She Never Missed a Deadline

By agreeing to write a once-a-week newspaper column, Hillary Rodham Clinton is setting herself up for some tough comparisons -- and not with any present practitioners of column-writing.

Mrs. Clinton is only the second first lady to don a press badge, but the first to do so -- Eleanor Roosevelt -- set standards that would be hard to match, even imagine, today.


Beginning in 1936, the year Franklin Roosevelt launched his first campaign for re-election, Mrs. Roosevelt wrote six newspaper columns a week for the next 26 years. She never missed a deadline, never took a break, except during the four days following FDR's death in 1945. She then continued the column uninterrupted until shortly before her own death in 1962. And every one of the 400-500-word "My Day" columns that appeared under Eleanor Roosevelt's byline she not only wrote but sometimes even typed herself -- and dutifully filed by wire, marked "Press Rates Collect," from wherever she happened to be in the country or around the world.

Most of today's newspaper columnists write only two or three times a week, but Mrs. Roosevelt maintained her demanding six-days-a-week pace while traveling hundreds of thousands of miles a year, attending countless conferences, making hundreds of speeches, visiting troops overseas during wartime, hosting a radio (later a television) show, and writing a monthly column for the Ladies' Home Journal.


Immensely admirable though Mrs. Roosevelt's energy and dedication were, as veteran journalist and author Martha Gellhorn acknowledged in an introduction to the first of three volumes of "My Day" columns published in 1990, Mrs. R. wasn't much of a newspaper writer. The columns, Ms. Gellhorn observed, were "artless, dictated hurriedly during her daily overdose of engagements."

Yet despite her deficiencies as a journalistic stylist, her column had a "respectable" circulation, noted Joseph P. Lash in "Eleanor and Franklin," his 1971 Pulitzer Prize-winning dual biography. By early 1937, "My Day" was appearing in 62 newspapers with a circulation of 4,034,552 -- ahead of Heywood Broun (42 papers with 2,829,487 readers) but behind her one-time friend and later critic, Westbrook Pegler (110 papers with 5,907,389 readers), and overshadowed by Dorothy Thompson, who was in 140 papers with 7,500,000 readers.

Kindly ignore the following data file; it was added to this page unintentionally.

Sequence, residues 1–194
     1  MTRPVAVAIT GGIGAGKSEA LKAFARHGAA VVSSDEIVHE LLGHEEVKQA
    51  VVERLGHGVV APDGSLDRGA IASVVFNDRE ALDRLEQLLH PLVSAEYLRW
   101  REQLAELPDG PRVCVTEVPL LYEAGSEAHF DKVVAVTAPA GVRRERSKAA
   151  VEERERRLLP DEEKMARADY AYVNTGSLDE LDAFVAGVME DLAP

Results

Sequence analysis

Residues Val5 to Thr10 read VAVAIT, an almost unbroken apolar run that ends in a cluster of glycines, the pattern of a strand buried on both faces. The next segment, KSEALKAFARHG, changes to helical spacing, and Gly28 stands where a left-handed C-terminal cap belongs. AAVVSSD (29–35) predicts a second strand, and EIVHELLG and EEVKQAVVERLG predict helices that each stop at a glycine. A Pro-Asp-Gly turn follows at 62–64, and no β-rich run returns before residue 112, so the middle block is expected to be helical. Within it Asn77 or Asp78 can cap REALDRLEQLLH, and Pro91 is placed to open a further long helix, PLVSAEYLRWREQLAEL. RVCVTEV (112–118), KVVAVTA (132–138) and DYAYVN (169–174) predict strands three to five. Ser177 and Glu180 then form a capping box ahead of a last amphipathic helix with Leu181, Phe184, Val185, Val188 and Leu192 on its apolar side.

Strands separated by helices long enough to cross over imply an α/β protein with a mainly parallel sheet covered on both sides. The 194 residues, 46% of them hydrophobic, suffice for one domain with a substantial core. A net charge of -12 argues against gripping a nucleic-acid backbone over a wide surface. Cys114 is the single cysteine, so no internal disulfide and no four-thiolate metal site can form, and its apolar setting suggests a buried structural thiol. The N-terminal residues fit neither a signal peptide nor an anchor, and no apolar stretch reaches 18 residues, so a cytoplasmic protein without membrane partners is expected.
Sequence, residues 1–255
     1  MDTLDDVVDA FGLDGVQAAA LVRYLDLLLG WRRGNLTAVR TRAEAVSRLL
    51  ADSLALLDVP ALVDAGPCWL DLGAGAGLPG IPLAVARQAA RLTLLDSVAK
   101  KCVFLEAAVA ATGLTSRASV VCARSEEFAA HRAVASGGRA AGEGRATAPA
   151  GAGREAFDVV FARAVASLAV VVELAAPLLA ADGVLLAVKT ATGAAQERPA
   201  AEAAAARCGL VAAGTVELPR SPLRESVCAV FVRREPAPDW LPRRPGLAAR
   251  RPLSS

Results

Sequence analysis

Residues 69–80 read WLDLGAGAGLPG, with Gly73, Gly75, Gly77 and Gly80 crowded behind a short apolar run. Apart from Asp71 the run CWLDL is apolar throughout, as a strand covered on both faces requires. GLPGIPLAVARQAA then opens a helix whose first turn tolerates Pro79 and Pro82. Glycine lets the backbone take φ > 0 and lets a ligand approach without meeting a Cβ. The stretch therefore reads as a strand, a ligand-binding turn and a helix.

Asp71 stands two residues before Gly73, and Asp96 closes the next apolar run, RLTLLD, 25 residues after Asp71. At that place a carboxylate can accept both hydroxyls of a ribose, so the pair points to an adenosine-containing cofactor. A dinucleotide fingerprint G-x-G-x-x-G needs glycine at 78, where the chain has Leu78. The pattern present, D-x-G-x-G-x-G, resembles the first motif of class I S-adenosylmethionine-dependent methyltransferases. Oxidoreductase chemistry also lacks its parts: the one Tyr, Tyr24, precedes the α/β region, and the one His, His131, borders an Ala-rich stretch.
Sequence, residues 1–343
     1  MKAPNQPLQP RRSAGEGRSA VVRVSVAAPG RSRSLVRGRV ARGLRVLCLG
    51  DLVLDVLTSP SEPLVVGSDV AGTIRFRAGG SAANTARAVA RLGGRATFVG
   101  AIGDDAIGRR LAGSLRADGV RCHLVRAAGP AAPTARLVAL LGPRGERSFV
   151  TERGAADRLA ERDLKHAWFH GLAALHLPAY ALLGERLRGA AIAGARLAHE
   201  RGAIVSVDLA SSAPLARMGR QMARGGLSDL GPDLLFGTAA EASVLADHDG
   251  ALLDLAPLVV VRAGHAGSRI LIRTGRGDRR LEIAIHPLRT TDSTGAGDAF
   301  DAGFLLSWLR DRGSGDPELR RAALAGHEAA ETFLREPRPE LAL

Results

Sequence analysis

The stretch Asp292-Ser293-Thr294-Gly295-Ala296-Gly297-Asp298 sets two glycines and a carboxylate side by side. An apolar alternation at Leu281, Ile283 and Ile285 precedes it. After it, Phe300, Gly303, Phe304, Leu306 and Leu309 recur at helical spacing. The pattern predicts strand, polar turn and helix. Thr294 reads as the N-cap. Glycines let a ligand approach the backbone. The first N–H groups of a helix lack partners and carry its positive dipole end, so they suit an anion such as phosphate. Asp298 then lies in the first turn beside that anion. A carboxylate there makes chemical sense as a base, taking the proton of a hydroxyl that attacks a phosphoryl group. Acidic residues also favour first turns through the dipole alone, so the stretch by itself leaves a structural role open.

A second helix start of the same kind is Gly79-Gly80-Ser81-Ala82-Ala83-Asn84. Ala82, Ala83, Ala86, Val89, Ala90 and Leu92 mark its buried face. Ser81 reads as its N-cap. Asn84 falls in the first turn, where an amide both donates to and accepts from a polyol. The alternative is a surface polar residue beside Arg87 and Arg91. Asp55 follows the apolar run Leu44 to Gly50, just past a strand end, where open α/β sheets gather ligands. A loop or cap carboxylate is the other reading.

"It soon became evident that her appeal as a columnist was not based only on her relationship to the president," wrote Mr. Lash. "Readers were enchanted with the personality that disclosed itself with little flashes such as 'I sallied forth and in two brief hours ordered all my Winter clothes' or how she had spent, 'half an hour having a whole new monetary system thrust upon me,' or how, when speaking about the District Training School for Delinquent Girls, she had stated, 'Never have I seen an institution called a "school" which had so little claim to the name.' "

In addition to her now largely forgettable descriptions of what she did each day, as well as crisp reviews of books she had read and plays she had seen, Mrs. Roosevelt offered commentary on issues that remain astonishingly relevant today. She advocated PTC birth control and championed the right of married women to have professional careers. She decried discrimination against African-Americans, the horrific slums in Washington, and the blather of political champaigns.

Right in the middle of her husband's immensely controversial 1940 campaign for an unprecedented third term, she wrote, "Sometimes I wonder if we shall ever grow up in our politics and say definite things which mean something, or whether we will go on using generalities to which everyone can subscribe, and which mean very little."

She'd be wondering still.

Although Mrs. Roosevelt usually avoided political commentary, after FDR died she pulled fewer punches. Of the Red-baiting, witch-hunting tactics of Wisconsin Senator Joseph R. McCarthy, she wrote bluntly in 1952: "I despise what Senator McCarthy has done."

Shortly before George Bush was inaugurated as president in 1989, Barbara Bush told an interviewer that the only first lady she did not want to be compared with was Eleanor Roosevelt. "I grew up in a household that really detested her," Mrs. Bush said, "so let's talk about someone else."


Partisan sniping did little to diminish Mrs. Roosevelt's stature while she lived, and nothing done by her successors as first lady, or written by her biographers, has diminished it since.

The only valid reason for any current first lady to shun comparison with Mrs. Roosevelt is the fear of failing to measure up to the standards she set as the conscience of the country.

As Ernie Pyle, the battle-hardened columnist who chronicled the travails of GIs during World War II, wrote after meeting Mrs. Roosevelt at the White House in 1943: "I left with the feeling that I had been talking to a woman who is all good. As a mutual friend said, you have a hard time to keep from loving her."

Mrs. Bush might have benefited from reading the "My Day" anthologies that came out five years ago. Mrs. Clinton might want to see if the White House library has copies of them now.

Neil A. Grauer is the author of "Remember Laughter: A Life of James Thurber," published by the University of Nebraska Press.